Diving Doc: Antidepressants and Diving | Sport Diver

Diving Doc: Antidepressants and Diving

How do antidepressants affect divers?

Today's SSRI (selective serotonin reuptake inhibitor) antidepressants are a godsend for the nearly 20 million people in the U.S. who will suffer a bout of depression during any given year. For many divers, antidepressants like fluoxetine (Prozac), paroxetine (Paxil) and sertraline (Zoloft) mean not having to abandon diving (not to mention other important activities in their lives) to deal with repeated bouts of depression.

These drugs, however, are not without side effects. They can cause sleepiness, anxiety or restlessness, especially during the first few weeks of taking them, all of which can interfere with your ability to dive safely. So it's important to work with your doctor to find a medication and dosage that works for you and to feel stable on it before you resume diving. As a rule of thumb, you should not dive for the first several weeks after starting any antidepressant or after changing the dosage of your current medication.

Researchers have found that divers have reported taking a wide variety of pills, some within two hours of a dive, including antidepressants. Is it safe to take antidepressant medications prior to diving? More than one in 15 Americans take an antidepressant medication for one reason or another, and the prevalence of depression in active divers does not significantly differ from that found in the general population. During a typical calendar year, DAN Medical Services receives more than 125 inquiries regarding diving with depression and about an equal number specifically concerning the drugs used to treat it.

In a nutshell, depression is a disorder of mood. Sufferers complain of or are described by others as being down, blue, sad or empty, and as having reduced interest in or capacity to enjoy activities they once found pleasurable. Other features include disturbed sleep, changes in appetite and weight, feelings of worthlessness, hopelessness and guilt, thoughts of suicide, lack of energy, easy fatigue, restlessness, irritability, and difficulty in paying attention, concentrating and making decisions.

Commonly prescribed antidepressants include three major classes: selective serotonin reuptake inhibitors (SSRIs) (e.g., Celexa, Paxil, Prozac), monoamine oxidase inhibitors (MAOIs) (e.g., Nardil, Parnate), tricyclics/tetracyclics/heterocyclics (TCAs/HCAs) (e.g., Elavil, Remeron), and a few uniquely acting compounds (e.g., Effexor, Wellbutrin).

Although the risk generally is very low, perhaps most worrisome is that the majority of medications prescribed for the condition have been shown to be associated with seizures, most particularly the SSRIs at high doses. A second disturbing effect is drowsiness and reduced alertness, an adverse reaction known to occur with a large number of antidepressants. Such drugs can lead to decreased vigilance and hinder higher cognitive functions such as the ability to master complex spatial tasks and to recall information learned a short while earlier.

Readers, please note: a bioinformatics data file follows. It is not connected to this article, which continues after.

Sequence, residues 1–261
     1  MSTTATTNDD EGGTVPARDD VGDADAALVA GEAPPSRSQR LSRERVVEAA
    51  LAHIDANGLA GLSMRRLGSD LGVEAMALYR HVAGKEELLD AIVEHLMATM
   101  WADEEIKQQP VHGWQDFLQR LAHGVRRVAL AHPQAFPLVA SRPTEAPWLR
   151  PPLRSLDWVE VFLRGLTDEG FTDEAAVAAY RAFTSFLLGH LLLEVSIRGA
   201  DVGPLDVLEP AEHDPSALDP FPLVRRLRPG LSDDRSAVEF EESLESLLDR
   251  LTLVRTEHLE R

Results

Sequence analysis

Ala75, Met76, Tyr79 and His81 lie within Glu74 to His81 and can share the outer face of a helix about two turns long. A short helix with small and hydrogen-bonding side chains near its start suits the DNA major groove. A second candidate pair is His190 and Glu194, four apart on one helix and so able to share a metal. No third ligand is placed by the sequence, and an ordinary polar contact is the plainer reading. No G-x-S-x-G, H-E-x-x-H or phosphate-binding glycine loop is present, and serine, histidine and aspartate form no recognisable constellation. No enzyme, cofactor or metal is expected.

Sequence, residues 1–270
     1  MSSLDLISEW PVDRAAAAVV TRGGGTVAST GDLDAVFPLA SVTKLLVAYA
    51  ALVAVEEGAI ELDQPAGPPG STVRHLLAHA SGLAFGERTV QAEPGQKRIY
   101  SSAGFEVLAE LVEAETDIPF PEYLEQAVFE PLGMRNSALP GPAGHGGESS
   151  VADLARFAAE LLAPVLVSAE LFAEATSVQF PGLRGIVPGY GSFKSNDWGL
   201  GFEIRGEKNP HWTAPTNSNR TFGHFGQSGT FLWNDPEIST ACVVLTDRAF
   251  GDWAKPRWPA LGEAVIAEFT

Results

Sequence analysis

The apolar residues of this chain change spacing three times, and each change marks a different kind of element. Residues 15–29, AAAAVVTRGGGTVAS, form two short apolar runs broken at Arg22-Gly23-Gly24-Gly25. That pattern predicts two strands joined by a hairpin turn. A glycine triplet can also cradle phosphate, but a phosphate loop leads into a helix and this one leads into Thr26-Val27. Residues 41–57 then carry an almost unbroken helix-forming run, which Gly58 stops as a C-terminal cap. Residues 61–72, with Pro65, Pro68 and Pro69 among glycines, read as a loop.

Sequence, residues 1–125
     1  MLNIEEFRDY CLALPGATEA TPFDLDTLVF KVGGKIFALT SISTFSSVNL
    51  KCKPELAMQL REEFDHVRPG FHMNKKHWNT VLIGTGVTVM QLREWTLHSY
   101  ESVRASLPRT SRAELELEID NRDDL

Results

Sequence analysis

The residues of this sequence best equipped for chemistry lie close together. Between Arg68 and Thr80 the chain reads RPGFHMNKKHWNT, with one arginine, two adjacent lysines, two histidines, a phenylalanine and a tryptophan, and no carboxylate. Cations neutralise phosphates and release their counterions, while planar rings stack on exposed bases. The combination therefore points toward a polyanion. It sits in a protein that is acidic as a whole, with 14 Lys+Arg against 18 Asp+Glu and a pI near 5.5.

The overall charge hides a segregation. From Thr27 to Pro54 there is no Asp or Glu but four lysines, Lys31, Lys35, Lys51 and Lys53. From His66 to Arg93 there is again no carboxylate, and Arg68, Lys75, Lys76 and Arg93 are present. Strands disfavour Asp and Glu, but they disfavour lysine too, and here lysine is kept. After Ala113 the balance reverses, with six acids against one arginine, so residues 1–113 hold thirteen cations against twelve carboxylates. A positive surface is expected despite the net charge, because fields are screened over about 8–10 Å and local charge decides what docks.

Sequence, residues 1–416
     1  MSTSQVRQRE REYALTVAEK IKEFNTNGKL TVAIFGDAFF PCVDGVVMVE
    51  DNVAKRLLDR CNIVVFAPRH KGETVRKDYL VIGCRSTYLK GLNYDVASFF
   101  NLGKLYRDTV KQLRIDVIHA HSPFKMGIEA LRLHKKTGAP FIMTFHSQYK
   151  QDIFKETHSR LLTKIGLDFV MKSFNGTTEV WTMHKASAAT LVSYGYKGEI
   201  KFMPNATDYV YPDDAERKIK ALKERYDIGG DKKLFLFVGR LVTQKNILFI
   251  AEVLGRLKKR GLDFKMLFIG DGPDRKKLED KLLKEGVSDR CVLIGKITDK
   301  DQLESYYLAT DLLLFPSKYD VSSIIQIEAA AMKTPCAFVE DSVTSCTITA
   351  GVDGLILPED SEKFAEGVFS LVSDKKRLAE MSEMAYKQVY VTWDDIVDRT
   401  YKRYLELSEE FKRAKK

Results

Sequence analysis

Obviously, these medications impact on brain chemistry at ambient atmospheric pressure. Therefore, it is not unreasonable to suspect the possibly that their effects could be potentiated by increased partial pressures of nitrogen or additive with those of nitrogen narcosis.

Side effects of some antidepressants can mimic DCI. Adverse reactions involving the central nervous system include headache, weakness and fatigue, dizziness, incoordination, abnormalities of vision, and numbness and tingling of the extremities, all of which also can be features of DCS.

Many persons who take these drugs tolerate them well, and what side effects they do experience pass with time. Moreover, altering the type of drug, dose size, the times at which doses are taken, and other steps sometimes can manage persistent side effects. Still, these are medications and they will have enduring, problematic side effects in some persons. As such, each individual must carefully monitor how s/he responds to a prescription over time before engaging in activities for which side effects could pose a risk.

As anyone who has suffered through it knows, depression can profoundly affect your entire being. People with depression often have difficulty sleeping, fatigue, poor appetite, restlessness, and difficulty concentrating or making decisions as well as hopelessness, sadness and irritability. Obviously, none of those symptoms goes well with diving, a sport that demands focus, attention to detail and awareness of your surroundings. So even if diving may help you feel better, you should take an honest, careful inventory of your current state of mental health before you dive in. Before diving, the diver taking an antidepressant will want to ensure that: (a) mental status examination demonstrates the condition to be well controlled; (b) the diver on medication has been on for an extended period and side effects dangerous to scuba are neither reported nor observed upon careful examination; (c) there are no other contraindications to scuba in the clinical picture; and, (d) the diver feels s/he is up to it and fully comprehends the remaining risks. In addition to obtaining written medical clearance to dive while on treatment, the diver will want to be honest on any medical release forms required by a training agency/dive op, inform his dive buddy(s), and dive conservative profiles.

_DocVikingo has been scuba certified for more than 35 years and has dived all over the world. He is a practising doctor in the Baltimore/Washington, D.C., area and has held faculty positions at several major hospitals, including Johns Hopkins. With an interest in diving medicine, he serves as administrator at Scuba Clinic Online. _

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